Really, this is a socialist vs. capitalist debate that you are just trying to validate through an attempt to misdirect and simplify flanking arguments that have no merit.
This has nothing to do with Socialism or Capitalism to be perfectly frank. I can see how some might attempt to frame the debate in that manner but it's truly not the case. When dealing with utilities there are a different set of rules involved and the internet is a utility much like electricity, water, natural gas, and so on. For what it's worth the term "capitalism" is not even well defined enough to use in a "vs Socialism" framework. I suspect you mean Free Market Capitalism as opposed to State Capitalism so the rest of my response will be based on that.
The bottom line gentlemen is that it doesn't matter if voice is data, what matters is who owns the pipe. Period. Doesn't matter if tax payer dollars were used to augment the cost of the pipe, tax payer dollars are used a lot to "stimulate". The different is that 20 years ago it was considered an investment in infrastructure, now it's a end-around the free-market.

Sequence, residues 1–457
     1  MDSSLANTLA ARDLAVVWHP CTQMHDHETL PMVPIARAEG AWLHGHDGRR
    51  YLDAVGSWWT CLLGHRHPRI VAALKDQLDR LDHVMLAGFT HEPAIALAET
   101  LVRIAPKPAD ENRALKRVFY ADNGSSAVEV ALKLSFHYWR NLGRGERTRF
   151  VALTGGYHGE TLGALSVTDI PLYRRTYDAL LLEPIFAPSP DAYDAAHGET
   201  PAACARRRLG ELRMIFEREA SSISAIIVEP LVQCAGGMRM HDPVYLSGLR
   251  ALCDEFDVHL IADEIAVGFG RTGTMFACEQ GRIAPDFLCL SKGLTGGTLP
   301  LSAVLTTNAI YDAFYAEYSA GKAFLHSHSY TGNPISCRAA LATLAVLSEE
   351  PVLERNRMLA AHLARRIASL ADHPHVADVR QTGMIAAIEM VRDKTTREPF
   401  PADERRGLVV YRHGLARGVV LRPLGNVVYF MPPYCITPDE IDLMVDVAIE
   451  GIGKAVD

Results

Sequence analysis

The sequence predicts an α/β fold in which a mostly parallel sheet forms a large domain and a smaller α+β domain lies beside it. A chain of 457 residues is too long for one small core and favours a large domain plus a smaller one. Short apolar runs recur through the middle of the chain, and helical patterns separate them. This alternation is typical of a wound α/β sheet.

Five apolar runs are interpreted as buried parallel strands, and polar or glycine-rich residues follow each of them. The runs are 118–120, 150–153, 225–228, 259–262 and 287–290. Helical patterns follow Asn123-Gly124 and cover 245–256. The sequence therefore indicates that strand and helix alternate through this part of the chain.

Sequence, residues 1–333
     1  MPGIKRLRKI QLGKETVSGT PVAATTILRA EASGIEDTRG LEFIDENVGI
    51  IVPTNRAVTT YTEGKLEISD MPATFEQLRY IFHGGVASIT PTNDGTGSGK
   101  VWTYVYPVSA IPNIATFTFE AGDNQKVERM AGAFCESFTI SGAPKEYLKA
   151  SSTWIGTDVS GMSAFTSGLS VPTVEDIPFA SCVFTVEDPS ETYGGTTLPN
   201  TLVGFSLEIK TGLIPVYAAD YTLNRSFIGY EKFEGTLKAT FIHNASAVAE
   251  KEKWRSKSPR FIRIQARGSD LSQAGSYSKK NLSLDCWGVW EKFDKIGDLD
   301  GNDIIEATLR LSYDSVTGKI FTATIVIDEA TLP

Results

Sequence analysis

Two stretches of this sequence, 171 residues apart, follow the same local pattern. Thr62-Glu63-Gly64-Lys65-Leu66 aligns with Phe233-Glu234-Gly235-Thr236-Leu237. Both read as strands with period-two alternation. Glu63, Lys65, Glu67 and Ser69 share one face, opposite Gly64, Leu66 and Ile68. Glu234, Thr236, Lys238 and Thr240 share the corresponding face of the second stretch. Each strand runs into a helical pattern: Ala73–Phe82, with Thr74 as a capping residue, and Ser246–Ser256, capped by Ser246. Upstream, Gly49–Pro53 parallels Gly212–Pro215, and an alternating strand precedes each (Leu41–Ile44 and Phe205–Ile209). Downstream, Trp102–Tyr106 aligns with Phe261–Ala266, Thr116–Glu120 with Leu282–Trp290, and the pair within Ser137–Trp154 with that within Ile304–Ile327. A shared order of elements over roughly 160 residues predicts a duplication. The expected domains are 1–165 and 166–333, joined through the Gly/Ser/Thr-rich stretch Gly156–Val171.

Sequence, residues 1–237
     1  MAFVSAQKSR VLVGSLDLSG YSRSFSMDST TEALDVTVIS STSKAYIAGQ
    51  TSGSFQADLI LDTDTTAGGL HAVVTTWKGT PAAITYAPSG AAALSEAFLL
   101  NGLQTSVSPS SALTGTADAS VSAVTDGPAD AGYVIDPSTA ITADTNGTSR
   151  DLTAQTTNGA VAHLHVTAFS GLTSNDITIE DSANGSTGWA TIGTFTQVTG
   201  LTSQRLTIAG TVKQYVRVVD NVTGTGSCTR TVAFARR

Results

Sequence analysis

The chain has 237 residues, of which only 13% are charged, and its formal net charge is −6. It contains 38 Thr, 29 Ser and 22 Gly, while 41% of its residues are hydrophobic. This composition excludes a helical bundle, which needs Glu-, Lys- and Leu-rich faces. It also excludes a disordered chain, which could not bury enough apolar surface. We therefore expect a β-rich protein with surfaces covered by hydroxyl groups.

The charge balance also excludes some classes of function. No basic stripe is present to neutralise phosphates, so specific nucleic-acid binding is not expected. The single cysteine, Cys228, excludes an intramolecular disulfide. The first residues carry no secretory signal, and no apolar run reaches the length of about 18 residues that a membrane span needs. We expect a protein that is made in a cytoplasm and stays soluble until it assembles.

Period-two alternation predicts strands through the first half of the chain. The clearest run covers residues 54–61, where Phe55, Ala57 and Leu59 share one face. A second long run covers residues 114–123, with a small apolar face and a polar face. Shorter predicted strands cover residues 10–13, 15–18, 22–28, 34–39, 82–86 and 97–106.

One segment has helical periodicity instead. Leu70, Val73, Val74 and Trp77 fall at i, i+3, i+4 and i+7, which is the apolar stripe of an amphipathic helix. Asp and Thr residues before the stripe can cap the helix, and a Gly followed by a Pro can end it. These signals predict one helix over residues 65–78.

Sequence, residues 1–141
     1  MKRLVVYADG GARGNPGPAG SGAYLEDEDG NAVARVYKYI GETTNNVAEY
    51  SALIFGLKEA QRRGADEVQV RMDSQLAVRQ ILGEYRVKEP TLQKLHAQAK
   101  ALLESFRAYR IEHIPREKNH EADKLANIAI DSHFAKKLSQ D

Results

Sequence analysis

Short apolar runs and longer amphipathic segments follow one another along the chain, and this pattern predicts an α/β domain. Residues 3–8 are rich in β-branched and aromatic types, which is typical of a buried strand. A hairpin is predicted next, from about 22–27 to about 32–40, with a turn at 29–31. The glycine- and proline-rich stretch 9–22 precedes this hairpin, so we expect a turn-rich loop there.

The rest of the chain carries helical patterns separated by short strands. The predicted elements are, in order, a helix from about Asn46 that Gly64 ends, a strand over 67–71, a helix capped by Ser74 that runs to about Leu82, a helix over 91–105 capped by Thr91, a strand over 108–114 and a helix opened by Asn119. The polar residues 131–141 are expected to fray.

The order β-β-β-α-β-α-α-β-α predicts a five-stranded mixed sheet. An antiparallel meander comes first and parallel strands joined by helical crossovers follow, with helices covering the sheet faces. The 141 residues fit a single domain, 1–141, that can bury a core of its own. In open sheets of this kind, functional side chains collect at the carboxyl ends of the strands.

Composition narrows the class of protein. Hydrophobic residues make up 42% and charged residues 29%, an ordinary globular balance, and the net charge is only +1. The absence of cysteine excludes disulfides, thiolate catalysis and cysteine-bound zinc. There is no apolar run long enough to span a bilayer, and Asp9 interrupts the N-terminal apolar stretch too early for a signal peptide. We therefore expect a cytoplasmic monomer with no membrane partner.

It does matter that tax payer dollars were used. It may be an end-run about the free market on your opinion but the companies in question accepted the money and therefore must live with the consequences. If you want a free market, which the US does not have to begin with, you cannot inject government dollars and then complain about government regulation. If federal tax dollars were used to augment, develop, build, or tied to these networks in other manners then the companies involved accepted government oversight and regulation. You can claim it was ignorant for them to do so but those are the simple facts of the matter. They accepted tax payer dollars and are now subject to regulation by the elected representatives of those same tax payers. There is a moral obligation involved in accepting tax payer money to use that money, or the products of that money, for the good of the people.
This is purely against the constitution by the way. We have a constitution that guarantees "free contract". There is a difference between government regulation and corporate regulation. One has a constitutional right, the other not so much.
You are wrong here. The 14th amendment is generally the amendment used to cover "freedom of contract" but the first case that the language was used in: Lochner v. New York was struck down in the years that followed. In fact "free contract" is not mentioned in the Constitution and it seems you are making up right out of whole cloth.
Net Neutrality is simply another of a string of attempts of this government to seize control of yet more of our infrastructure and take over this country.
Are the black helicopters following you today? In case you haven't noticed net neutrality is less regulation and a guarantee of more personal freedom. Right now there is nothing stopping AT&T from throttling all traffic inbound to its network from all of its competitors. That is what this debate is about.